I want to talk to Jack Lowe about the Mars One Mission, which aims to land humans, including members of the public, on Mars by 2023. The final 100 candidates – eventually to be cut down to four – have now been picked and the story has been plastered across the news in recent months.
The mission is the starting point for his company, Curious Directive’s, latest production, Pioneer, but in Lowe’s show it has already crashed and burned, and there’s no convincing him otherwise: ‘I’ve already made my peace around the fact that Mars One has failed. I know that it has failed. I’ve got to trust my instincts on that.’
It seems fitting to be discussing this very current event as if it is already firmly lodged in the past. For Lowe, the fiction of Pioneer has become more convincing than fact. That’s no surprise, perhaps, given the intensity of Curious Directive’s devising process. The company make ambitious, complex and idea-rich productions and they spend an exceptional period of time gestating and developing their shows. With just a hint of a weary smile, Lowe elaborates a little on this process: ‘Like a lot of our projects, we (and that means the actors and creatives) spent the first week in a barn in Norfolk. We gathered film material and explored technical elements of the show. We had a week of walking, improvisations, microphone work and Artificial Intelligence simulation. We even had sugar sachet duets.’
Sugar sachet duets? The mind boggles. Lowe explains the concept by placing a pepper and salt mill on the table between us – we’re sitting in the Globe foyer cafe, surrounded by polite murmurs – and twirling them around a bit: ‘Often, we would just sit down and literally push around sugar sachet. In a very Brian Cox kind of way we’d start planning things.’
Chief ‘sugar sachet’ man was astrobiologist Dr Lewis Dartnell who, along with psychologist Russell Woodhead, was brought into to help pull ‘Pioneer’ together. Lowe paints a picture of a peculiarly fluid devising process, where the distinction between the idea-makers, shapers and performers is pretty much none-existent: ‘Our work doesn’t have a playwright at the heart of it. We are a group of emotionally clever people who become short term experts with the binding glue of actual experts.’
When Lowe initially began discussions with Darnett and Woodhead, he became a little concerned. The scepticism among the scientists regarding the Mars One mission was overwhelming and scepticism, argues Lowe, is never a great place to start in theatre-making: ‘All of the scientists said the mission wasn’t going to work. That immediately created an uncomfortable starting point for me because it’s a pessimistic starting point. No one wants that when you’re creating a work of art.’ Lowe and his company had to come up with a new launch pad, so to speak. Pioneer would still reference Mars One but it would also bring in a new space-company, led by an Indian billionaire, who were attempting to carry on where Mars One left off. The show would thread together three connected stories; one concerning two brothers researching their grandfather’s role in the birth of space travel, another involving a marine biologist searching for non-carbon life and a final thread about a couple stranded on Mars. What started out as something of a creative dead end gradually developed into something much knottier and open-ended.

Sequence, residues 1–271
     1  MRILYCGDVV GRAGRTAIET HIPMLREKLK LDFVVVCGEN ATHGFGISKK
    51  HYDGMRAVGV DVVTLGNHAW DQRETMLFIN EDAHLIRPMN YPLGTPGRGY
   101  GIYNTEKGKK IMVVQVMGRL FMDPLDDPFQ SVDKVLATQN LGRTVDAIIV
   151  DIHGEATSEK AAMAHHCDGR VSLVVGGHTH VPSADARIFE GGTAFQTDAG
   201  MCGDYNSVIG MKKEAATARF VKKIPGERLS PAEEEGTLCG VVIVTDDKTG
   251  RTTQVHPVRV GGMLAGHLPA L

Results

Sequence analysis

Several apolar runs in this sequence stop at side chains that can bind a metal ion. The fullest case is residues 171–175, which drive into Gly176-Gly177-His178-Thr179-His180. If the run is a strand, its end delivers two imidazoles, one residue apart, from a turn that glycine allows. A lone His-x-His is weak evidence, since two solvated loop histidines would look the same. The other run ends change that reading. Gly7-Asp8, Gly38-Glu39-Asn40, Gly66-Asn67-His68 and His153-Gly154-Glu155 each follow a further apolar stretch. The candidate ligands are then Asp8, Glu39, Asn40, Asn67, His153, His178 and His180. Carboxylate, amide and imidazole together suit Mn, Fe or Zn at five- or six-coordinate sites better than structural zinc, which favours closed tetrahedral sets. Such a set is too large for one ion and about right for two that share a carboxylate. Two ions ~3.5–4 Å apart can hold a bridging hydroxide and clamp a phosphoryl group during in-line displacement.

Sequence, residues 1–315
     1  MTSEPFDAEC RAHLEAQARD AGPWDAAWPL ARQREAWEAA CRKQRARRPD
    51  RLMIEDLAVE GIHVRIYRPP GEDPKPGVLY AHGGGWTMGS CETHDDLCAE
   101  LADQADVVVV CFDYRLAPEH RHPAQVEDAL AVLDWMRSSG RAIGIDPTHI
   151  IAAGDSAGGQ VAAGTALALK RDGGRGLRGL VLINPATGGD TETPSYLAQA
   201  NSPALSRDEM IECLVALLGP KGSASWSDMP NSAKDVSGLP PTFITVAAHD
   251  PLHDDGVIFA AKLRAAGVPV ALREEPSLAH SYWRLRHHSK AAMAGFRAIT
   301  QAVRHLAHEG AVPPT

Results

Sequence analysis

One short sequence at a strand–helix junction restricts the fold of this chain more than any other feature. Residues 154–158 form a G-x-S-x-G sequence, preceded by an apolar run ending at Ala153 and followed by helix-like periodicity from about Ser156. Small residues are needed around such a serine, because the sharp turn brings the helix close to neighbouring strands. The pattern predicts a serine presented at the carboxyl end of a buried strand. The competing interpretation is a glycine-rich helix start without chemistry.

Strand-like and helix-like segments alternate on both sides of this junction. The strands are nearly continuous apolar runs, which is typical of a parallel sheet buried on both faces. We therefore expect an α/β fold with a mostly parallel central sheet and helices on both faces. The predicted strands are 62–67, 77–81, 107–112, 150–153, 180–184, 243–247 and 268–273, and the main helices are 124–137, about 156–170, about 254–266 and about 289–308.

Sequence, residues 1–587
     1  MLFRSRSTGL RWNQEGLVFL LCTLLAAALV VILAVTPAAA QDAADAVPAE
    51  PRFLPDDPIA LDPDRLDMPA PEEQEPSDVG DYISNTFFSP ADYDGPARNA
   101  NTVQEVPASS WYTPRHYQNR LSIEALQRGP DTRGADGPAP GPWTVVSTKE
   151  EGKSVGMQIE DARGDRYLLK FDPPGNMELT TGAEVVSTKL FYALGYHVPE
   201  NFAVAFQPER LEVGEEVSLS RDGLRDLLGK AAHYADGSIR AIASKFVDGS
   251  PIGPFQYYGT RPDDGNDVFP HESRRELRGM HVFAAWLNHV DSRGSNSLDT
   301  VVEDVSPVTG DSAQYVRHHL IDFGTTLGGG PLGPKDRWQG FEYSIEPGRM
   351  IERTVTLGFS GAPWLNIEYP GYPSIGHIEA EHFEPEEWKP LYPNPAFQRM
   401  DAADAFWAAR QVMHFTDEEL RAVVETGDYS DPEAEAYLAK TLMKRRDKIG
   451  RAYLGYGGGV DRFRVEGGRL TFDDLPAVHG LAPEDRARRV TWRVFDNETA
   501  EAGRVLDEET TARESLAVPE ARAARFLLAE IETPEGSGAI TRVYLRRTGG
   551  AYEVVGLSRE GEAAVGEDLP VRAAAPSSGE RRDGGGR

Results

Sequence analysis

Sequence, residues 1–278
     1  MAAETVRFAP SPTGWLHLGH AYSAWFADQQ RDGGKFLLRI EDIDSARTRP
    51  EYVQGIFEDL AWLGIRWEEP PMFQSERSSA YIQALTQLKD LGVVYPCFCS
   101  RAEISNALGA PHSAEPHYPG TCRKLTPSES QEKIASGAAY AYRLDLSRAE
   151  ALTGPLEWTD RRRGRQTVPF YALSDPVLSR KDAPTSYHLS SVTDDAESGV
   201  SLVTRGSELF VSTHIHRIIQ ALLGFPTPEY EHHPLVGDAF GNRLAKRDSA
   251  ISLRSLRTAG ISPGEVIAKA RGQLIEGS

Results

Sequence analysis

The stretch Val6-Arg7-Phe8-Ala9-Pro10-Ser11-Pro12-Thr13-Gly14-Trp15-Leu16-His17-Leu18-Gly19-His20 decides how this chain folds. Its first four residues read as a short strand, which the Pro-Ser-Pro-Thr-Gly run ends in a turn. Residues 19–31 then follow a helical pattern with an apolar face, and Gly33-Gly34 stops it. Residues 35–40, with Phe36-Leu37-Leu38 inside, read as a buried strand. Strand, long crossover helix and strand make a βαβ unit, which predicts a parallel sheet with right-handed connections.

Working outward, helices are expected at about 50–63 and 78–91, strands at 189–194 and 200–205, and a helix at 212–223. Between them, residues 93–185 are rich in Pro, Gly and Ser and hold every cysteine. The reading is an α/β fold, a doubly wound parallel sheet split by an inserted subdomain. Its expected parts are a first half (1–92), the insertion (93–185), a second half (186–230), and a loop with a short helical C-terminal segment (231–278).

Lowe expands on the plot of Pioneer: the story of the couple stranded on Mars and has a whiff of the Book of Genesis about it: ‘One of the early things we decided to do is try to bring in the Adam and Eve story. We tried to reframe what Eve was doing when she reached out and picked the apple. We have re-jigged it so that she was really just being curious and a little bit reckless. She was happy to hold onto Adam’s hand and jump into the darkness.’
While there’s no doubt that Lowe (‘Have you read Carl Sagan’s Pale Blue Dot? It’s beautiful, beautiful.’) is quite cerebral he’s also very practical. Pioneer is an ambitious in its scale; the production involves six actors and demands wide and high spaces. Lowe’s next show, which will be about motion capture technology, is going to feature seven actors. Curious Directive’s previous piece about paramedics, The Kindness of Strangers, was set in an ambulance and could only be performed to five spectators at a time while their first production in 2008, Return to the Silence, required a mobile seating structure, so the audience could be wheeled about throughout the show.
It took Lowe a year to find the funding for The Kindness of Strangers. Nine subsidised partners were required to get Pioneer off the ground – and the upcoming run at Shoreditch House has only been possible because the venue (‘And this must really should be shouted to the hilltops’) were willing to pay for the show’s extensive and expensive technological requirements.
Whilst it was relatively easy to create this type of expansive theatre fresh out of university, things have changed. ‘These days I have to fight for six actors. When we were a graduate company we could have 13 actors who were all doing it for love. Now it’s different. I spend a massive part of my time trying to make work on this scale happen. It’s really hard.’
There is a real worry, Lowe continues, that this type of genre-pushing work simply won’t continue to happen: ‘There is a really scary thing going on at the moment: where are the young companies making big plays? And I mean big plays in terms of the stage space and the number of actors.’ It’s obvious that this type of work is more demanding, both in terms of the creative and practical effort required. Thankfully, Lowe hasn’t been grounded yet: ‘I want to keep on telling stories that require a slightly bigger landscape.